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A newly completed plan will identify short and long term strategies for traffic congestion, neighborhood connections, safety and transportation options.

By Shireen Ghorbani, Facilities Management

The University of Utah has joined a team of local jurisdictions and agencies to identify challenges and seek opportunities to improve Foothill Drive. The Foothill Drive Implementation Strategy will identify short term and long term strategies to address issues such as traffic congestion, improving neighborhood connections, enhancing safety and providing transportation options. The project focuses on the entire Foothill corridor, including a portion of 500 South, extending from 1300 East to where Foothill Drive intersects with Interstate 80.

This project is a partnership among Salt Lake City, UDOT, UTA, Salt Lake County, University of Utah and Wasatch Front Regional Council. Earlier this year the project kicked off with an open house where clear goals were established and an assessment of needs to improve the Foothill corridor were addressed.

This is not the first time the Foothill corridor has been studied. “We are taking a comprehensive look at this section of Foothill Drive, building on what previous studies have accomplished,” says Cris Jones, transportation manager for Salt Lake City. The 2008 study provided recommendations that included HOV lanes and other infrastructure to encourage multiple modes of transportation. Those recommendations did not receive unanimous support from all stakeholders.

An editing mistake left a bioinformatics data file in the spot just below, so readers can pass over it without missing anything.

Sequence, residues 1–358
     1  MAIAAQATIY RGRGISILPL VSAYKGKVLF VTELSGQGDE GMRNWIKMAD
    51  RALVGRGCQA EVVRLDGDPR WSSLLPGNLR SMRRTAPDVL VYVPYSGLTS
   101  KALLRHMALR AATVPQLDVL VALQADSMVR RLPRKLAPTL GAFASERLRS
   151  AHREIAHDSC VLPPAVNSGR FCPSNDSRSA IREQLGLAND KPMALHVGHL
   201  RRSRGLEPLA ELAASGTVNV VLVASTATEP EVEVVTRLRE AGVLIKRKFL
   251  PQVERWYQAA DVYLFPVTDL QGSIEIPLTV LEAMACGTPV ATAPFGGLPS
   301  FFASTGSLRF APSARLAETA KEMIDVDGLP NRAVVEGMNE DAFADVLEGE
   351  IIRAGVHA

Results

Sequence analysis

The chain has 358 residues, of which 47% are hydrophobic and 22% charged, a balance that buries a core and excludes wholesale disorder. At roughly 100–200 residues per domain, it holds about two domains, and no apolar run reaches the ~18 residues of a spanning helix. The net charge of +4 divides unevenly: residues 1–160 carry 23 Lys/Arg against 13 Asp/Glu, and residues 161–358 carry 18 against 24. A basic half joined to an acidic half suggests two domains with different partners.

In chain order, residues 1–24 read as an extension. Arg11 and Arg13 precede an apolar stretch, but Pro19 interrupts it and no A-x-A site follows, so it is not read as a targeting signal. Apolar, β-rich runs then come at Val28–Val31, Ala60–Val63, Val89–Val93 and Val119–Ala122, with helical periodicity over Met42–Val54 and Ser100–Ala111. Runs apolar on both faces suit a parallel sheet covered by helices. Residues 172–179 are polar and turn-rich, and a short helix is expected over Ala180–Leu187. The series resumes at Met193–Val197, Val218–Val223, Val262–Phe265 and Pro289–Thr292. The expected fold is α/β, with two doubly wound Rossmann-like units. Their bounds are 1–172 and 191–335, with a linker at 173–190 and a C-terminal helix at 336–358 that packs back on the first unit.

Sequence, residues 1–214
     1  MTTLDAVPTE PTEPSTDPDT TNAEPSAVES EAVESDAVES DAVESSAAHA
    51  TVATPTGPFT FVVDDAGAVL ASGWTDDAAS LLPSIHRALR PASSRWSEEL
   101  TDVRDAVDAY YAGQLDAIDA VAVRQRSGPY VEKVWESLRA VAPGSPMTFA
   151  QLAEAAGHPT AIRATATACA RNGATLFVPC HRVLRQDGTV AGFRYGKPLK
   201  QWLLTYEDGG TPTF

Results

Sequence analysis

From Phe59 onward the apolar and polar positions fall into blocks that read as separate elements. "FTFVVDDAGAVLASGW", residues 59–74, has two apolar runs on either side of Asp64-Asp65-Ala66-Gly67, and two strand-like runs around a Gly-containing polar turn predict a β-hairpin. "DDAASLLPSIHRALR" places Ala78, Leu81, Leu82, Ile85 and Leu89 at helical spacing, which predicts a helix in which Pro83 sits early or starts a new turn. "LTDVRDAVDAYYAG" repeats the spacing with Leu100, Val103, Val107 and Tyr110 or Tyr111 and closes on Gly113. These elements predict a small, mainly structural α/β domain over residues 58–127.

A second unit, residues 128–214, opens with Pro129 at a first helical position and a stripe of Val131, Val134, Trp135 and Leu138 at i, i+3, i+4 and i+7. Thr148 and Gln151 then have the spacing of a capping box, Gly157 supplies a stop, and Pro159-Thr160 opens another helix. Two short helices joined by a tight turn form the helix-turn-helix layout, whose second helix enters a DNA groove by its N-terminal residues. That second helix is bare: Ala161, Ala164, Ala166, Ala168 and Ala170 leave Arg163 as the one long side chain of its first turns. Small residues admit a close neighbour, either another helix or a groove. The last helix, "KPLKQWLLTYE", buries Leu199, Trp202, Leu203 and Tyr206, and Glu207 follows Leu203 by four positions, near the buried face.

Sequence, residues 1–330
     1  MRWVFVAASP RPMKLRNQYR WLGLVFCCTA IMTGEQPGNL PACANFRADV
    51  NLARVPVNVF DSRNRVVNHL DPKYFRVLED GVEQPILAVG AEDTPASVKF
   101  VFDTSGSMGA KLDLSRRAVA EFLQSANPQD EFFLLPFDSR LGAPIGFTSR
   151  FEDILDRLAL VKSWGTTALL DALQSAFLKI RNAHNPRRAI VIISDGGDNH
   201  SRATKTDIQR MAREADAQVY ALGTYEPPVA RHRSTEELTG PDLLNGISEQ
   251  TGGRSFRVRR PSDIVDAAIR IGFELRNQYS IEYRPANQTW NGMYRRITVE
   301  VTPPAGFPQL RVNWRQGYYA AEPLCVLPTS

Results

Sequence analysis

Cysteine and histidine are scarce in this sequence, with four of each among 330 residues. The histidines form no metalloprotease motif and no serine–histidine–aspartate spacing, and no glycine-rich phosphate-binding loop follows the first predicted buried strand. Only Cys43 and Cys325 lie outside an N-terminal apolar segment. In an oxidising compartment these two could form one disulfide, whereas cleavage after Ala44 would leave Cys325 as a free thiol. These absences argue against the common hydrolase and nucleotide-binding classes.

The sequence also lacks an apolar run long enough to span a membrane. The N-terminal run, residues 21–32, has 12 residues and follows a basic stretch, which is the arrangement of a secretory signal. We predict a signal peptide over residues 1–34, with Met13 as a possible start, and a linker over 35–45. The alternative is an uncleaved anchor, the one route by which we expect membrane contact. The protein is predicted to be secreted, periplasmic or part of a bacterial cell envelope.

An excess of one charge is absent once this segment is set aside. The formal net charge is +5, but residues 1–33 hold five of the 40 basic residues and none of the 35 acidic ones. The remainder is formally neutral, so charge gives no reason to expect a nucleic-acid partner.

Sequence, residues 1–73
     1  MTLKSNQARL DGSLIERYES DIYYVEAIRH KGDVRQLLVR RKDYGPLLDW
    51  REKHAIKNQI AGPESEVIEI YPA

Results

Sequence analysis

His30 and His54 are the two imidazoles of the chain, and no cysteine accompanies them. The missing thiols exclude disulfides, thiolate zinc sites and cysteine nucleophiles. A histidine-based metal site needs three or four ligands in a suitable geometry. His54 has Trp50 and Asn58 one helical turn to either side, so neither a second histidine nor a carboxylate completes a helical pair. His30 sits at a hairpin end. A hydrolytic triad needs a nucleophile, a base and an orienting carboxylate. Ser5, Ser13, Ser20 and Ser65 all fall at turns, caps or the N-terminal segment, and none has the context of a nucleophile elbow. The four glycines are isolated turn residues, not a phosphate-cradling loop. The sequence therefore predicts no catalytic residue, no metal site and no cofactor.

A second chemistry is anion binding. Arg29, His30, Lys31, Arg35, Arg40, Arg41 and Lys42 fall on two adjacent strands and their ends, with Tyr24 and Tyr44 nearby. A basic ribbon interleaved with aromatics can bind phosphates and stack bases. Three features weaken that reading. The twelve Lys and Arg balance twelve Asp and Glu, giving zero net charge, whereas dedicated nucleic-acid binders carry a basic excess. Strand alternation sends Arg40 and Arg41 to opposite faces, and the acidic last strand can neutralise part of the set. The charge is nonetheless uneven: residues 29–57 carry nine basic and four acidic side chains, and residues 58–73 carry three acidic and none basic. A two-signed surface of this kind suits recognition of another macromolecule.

“The goal of this study is to carry forward the best options and recommendations, those that best meet the goals set out in this study,” says Jones.

There are eight goals guiding the Foothill Drive Implementation Strategy. These goals reference the importance of preserving and enhancing communities along the corridor, addressing safety and providing options to manage transportation demands.

John McNary, director of Campus Planning for the University of Utah, is excited that the U is a partner in this study. “We recognize that the U is a regional impact on the corridor, we want to be a proactive partner for improvements that address the needs of neighbors, commuters or visitors that may come to one of our clinics or one of many cultural or sporting events hosted on campus.”

The project partners want to hear from U employees or students. Visit the online workshop to find an overview of the project, see draft corridor goals and have the opportunity to leave feedback for the team. To learn more, get involved and leave a comment, click here.